© José Escaño Mooring scar posidonia

The Challenge

Algae and seagrass communities are essential for the well-being of coastal communities, offering clear waters full of life, essential for sustainable tourism.

They are also key habitats to replenish fisheries, acting as carbon sinks and as a protective barrier against the effects of climate change such as coastal erosion caused by storms.

Unfortunately, they are at serious risk of degradation caused by human activity.


Many seagrass and seaweed species are what we call habitat-forming species; i.e. those that create a habitat, providing resources which were previously limited or non-existent, such as food or shelter.

In addition to creating this habitat that can be used for many other species, many also provide essential services to coastal communities like maintaining attractive landscapes for touristic activities, replenishing fish stocks or protecting the coast against the increasing erosion caused by climate change.

The loss of marine plants due to human activities is one of the most urgent problems in nature conservation worldwide:

  • Of the approximately 177,000 km2 of seagrass that exist throughout the world, it is estimated that between 7 and 19% of its current surface (about 33,000 km2) has been lost; that is the equivalent of the area of more than 4 million football fields. Only in the Mediterranean, it is estimated that 446 km2 (more than 62 thousand football fields) have been lost.
  • Many seaweed forests of the genus Cystoseira have severely declined in recent decades. There are 47 species of Cystoseira in the world, and the Mediterranean host 32 of them, almost 50% of which are endemic (they only exist here). In the Balearic Islands there is still a great diversity of these species, which have already disappeared from many coastal areas of the Mediterranean basin. Unlike other seaweed species, Cystoseira reproduce only locally, and cannot colonize distant areas on their own. Therefore, to recover these forests in the areas where they have disappeared, it is necessary to carry out reforestation actions.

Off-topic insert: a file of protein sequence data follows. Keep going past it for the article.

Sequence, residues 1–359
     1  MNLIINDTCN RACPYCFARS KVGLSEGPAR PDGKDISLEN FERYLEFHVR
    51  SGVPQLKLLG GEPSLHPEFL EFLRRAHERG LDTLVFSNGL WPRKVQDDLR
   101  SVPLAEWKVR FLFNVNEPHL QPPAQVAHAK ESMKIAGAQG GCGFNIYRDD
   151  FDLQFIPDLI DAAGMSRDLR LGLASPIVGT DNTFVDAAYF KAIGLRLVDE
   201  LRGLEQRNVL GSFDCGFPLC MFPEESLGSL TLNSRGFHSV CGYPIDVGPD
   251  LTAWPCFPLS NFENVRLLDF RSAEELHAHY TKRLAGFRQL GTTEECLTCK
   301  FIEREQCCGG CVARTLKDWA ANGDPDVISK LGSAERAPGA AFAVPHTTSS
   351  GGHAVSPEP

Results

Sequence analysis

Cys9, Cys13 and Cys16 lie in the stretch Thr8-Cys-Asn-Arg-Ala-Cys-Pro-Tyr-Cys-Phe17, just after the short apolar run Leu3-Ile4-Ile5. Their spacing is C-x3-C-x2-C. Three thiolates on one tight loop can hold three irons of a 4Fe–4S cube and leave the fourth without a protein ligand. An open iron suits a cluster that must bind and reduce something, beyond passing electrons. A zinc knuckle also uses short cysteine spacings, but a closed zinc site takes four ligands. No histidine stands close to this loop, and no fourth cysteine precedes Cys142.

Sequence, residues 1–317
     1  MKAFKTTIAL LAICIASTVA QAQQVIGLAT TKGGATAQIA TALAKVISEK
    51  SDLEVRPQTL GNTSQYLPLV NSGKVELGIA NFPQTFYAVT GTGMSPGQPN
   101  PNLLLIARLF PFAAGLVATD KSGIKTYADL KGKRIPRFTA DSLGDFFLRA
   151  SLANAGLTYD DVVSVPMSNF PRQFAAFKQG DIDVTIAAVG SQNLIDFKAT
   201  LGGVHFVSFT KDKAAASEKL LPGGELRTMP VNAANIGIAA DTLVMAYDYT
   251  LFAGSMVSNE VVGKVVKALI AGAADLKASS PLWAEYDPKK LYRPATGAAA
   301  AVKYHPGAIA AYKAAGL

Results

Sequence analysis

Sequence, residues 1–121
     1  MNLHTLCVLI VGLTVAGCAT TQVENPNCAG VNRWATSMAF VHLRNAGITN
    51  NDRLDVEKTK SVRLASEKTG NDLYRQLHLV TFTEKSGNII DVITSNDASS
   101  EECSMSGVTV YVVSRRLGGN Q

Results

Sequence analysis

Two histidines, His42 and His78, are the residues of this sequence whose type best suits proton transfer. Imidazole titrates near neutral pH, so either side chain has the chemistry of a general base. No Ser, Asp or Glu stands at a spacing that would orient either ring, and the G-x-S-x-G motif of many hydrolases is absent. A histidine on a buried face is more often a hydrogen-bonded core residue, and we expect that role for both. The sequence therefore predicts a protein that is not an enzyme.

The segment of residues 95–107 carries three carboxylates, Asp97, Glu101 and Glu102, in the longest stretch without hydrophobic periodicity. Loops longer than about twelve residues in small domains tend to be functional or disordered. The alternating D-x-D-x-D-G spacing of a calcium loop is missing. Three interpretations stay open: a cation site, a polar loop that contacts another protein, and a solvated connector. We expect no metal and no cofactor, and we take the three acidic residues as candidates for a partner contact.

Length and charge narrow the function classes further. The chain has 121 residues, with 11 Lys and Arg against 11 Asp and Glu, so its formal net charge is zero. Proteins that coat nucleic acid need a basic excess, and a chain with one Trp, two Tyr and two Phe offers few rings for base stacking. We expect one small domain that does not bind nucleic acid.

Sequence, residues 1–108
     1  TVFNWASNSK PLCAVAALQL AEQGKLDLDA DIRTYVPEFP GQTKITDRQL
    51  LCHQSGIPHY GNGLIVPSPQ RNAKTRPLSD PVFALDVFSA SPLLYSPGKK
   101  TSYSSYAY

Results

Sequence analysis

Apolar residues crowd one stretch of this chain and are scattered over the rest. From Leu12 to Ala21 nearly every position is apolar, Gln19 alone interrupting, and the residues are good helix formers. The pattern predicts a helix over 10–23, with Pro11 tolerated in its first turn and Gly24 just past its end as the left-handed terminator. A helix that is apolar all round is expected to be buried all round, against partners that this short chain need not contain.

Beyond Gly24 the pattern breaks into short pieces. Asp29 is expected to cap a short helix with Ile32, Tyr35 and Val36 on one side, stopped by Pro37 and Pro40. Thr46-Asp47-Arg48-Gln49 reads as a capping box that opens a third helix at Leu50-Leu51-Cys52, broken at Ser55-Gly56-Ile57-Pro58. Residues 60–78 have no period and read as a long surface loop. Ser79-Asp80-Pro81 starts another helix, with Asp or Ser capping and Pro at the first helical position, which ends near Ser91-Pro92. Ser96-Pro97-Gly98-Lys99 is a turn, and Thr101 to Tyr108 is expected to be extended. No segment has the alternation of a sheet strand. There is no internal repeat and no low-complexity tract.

Furthermore, the species that thrive in shallow water areas are the most affected because they are in a borderline environment, exposed to impacts of both land and marine origin. This situation is especially serious in the Mediterranean; despite being one of the seas that harbours the highest biodiversity in the world, it is also one of the most threatened by human activities. This is mainly due to the fact that there is little exchange of water with the ocean (it is a semi-closed sea), its coasts are highly inhabited and there is a huge maritime traffic.

© José Escaño janina posi flare

The solution

Algae and seagrass communities are transplanted or reinforced in small plots of shallow coastal seabed.

These spaces become social and environmental laboratories where citizens and science converge, building the marine capabilities of the people and enabling their participation in citizen science.

When underwater forests regenerate, they create new habitats where other species of animals and plants can thrive, contributing to the regeneration of biodiversity and thereby optimising productivity in terms of benefits for society.


Regeneration: The act of improving a place or system, especially by making it more active or successfull.

The United Nations decade for Ocean Science for Sustainable Development starts in 2021. Much more needs to be done if we are to reverse the loss of health of the marine ecosystems, so we can together create suitable conditions for a truly sustainable development of the oceans, seas & coasts.

Traditionally, environmental restoration comprised simple actions aimed at returning a site’s ecosystem functions or species composition back to a historic state. In contrast, modern restoration strategies embrace both social and ecological considerations and are guided by multiple goals including not only environmental ones, but also those that speak to human well-being (e.g. alleviating poverty).

Within this context and trend emerges MedGardens in the Balearic Islands. Successful and innovative restoration techniques for seagrass and seaweed will be carried out in small plots located in shallow areas, accessible to sea users.

Community will play a fundamental role in the entire restoration process through the co-management of each MedGarden, together with the scientific community and the local administrations.

MedGardens offers a chance for everyone to fix what we’ve broken, and the hope that we can.



NIF G02795341
Francesc Vidal i Sureda 71
07015 Palma de Mallorca